The same conclusion can be achieved when analyzing the source of bal tashchit in the context of clothes. In that case, everyone agrees that one is allowed to cut a piece of garment in order to fix or improve it, and this is not considered hashchata in the first place. Even in the case of the nazir, where the affliction is undertaken for the sake of affliction, if he does so temporarily in order to elevate himself spiritually, he is not considered a sinner, as most commentators on the Torah explain. This might explain, then, why the majority of poskim permit cosmetic surgery in certain cases, as we will see.[12]

Rav Ovadia Yosef[13] permits cosmetic surgery for a woman who wanted surgery on her nose and mentions two additional important arguments to support his ruling:

His first argument is that even according to those who forbid chavala for a purpose, a distinction should be made between different types of needs, as in this case, the affliction and pain is minor (as we use an anesthetic) and the long-term benefit of the woman is quite significant.

Rav Ovadia’s second argument is that Rav Menashe Klein[14] allowed a woman with a big nose to have surgery in order that people would want to marry her. Rav Klein opined that that case did not qualify as injuring (chovel), but rather as healing (merappei).

Although both reasons given by Rav Ovadia yield a lenient ruling, it should be noted that there is a fundamental difference between them. According to the former, cosmetic surgery is still considered injuring and would generally be prohibited, yet it was permitted in that case due to a great need that justified the chavala. However, according to the latter reason, the action itself is defined as one of healing and is permitted by its nature.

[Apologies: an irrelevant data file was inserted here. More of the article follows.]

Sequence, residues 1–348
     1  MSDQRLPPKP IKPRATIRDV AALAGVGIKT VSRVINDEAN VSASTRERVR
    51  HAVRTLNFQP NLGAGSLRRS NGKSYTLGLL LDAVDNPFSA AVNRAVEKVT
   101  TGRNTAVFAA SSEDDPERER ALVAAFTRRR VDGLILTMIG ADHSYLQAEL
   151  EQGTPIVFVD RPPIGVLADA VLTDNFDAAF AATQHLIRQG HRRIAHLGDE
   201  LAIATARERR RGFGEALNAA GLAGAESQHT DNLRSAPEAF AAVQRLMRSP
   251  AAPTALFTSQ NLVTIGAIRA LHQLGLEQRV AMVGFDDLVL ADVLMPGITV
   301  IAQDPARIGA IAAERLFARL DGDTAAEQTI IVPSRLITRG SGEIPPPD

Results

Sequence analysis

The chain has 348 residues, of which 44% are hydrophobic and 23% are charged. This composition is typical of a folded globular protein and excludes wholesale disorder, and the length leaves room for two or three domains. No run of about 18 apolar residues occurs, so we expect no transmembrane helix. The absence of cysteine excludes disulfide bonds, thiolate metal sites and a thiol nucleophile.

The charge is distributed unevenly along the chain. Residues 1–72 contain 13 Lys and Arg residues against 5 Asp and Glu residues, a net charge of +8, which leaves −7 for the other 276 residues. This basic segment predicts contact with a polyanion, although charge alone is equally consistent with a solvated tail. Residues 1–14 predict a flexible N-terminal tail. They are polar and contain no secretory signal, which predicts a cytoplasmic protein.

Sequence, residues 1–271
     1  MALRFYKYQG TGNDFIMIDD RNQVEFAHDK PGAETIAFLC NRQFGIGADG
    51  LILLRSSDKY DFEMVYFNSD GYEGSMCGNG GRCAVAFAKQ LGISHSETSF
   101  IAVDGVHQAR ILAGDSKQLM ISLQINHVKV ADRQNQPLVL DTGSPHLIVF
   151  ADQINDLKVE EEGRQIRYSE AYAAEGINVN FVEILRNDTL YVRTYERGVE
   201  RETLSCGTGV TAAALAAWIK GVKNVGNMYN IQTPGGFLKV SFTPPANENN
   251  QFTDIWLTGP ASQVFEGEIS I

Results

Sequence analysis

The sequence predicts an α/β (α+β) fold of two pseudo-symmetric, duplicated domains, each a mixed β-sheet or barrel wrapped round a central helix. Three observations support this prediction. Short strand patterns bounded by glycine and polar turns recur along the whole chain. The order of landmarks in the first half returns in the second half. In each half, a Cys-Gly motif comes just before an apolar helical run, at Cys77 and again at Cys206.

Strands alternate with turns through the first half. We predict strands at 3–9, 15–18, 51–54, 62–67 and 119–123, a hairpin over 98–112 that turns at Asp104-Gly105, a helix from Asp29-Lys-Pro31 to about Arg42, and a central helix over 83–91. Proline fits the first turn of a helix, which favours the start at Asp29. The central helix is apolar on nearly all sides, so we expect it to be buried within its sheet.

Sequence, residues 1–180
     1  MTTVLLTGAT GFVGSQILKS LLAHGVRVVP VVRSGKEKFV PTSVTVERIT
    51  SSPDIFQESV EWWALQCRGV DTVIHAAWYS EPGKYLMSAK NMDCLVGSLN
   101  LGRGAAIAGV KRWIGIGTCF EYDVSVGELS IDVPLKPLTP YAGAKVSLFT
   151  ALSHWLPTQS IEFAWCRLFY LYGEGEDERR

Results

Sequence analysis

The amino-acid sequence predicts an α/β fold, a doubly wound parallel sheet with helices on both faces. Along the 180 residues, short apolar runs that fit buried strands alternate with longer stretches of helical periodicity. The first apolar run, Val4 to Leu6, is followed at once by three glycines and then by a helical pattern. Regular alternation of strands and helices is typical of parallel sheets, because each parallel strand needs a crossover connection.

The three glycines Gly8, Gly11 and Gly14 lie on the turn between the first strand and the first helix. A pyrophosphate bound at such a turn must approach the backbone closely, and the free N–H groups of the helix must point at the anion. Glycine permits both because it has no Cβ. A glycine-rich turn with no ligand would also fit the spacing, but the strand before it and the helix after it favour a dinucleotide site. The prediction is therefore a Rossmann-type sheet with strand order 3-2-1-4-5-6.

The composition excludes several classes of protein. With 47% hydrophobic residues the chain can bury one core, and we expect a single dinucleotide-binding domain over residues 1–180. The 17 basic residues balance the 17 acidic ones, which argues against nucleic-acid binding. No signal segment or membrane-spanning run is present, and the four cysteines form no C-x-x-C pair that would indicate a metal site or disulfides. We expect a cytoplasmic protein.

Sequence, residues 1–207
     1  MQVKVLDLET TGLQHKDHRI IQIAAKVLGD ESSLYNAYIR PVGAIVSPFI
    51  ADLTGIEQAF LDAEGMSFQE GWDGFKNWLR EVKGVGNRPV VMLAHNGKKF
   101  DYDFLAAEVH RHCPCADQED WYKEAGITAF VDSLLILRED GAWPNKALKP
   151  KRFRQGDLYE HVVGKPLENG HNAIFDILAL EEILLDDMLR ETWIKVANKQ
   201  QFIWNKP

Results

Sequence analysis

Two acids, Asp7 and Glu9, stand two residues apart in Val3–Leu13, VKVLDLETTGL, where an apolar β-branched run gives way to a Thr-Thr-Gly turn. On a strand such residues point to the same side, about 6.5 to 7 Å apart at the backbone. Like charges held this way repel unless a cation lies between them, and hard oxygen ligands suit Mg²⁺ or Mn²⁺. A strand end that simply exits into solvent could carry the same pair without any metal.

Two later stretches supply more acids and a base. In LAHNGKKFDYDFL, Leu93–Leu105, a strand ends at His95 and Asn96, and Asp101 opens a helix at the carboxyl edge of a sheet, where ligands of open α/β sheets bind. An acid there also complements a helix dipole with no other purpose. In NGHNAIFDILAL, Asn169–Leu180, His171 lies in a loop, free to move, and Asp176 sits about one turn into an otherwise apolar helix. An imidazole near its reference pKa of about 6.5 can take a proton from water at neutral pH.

Whether we combine the two sevarot (explanations) or not, I think his logic points in the same direction we suggested to differentiate between the cases mentioned in the Gemara and cosmetic surgery. In all the cases mentioned by the Gemara, someone causes damage to another or to an object in a manner that eases his anger or grieving in the short term, but results in long-term damage. The total cost-value evaluation dictates that the action is one of damage. However, if the proportion is reversed, with little damage caused in the short term but resulting in a condition better than the original – by definition this is not damaging, but healing.[15]

Intervening in Hashem’s Creation: “There is no Creator Like Our God”

Although as we have seen many poskim today relate to cosmetic surgery as a form of healing, based on the fact that many individuals feel it is necessary at times, one of the prominent poskim who addressed this issue, Rav Eliezer Waldenberg,[16] disagrees, saying: “And there is good reason to claim that this is not the case where the Torah gave permission to a doctor to cure [even if we call such a procedure a treatment] …” In his opinion, it clearly does not matter how people view it.

Rav Waldenberg invokes another argument to support his view as well:

And one should know and believe that there is no Creator like our God, and He, may His name be blessed, creates and imprints His image and form on every one of His creatures in a manner that is appropriate for it. And one should not add to it, nor should one take away from it.